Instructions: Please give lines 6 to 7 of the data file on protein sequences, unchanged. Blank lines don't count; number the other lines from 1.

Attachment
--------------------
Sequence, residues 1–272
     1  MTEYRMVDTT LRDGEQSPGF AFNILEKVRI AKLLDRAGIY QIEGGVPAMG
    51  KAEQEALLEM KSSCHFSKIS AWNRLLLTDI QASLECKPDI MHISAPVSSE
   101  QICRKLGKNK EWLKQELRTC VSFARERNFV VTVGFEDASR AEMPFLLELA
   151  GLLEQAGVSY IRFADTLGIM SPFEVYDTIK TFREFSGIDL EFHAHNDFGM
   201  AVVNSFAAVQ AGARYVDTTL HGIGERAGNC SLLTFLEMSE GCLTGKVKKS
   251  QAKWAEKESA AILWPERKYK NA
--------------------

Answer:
   201  AVVNSFAAVQ AGARYVDTTL HGIGERAGNC SLLTFLEMSE GCLTGKVKKS
   251  QAKWAEKESA AILWPERKYK NA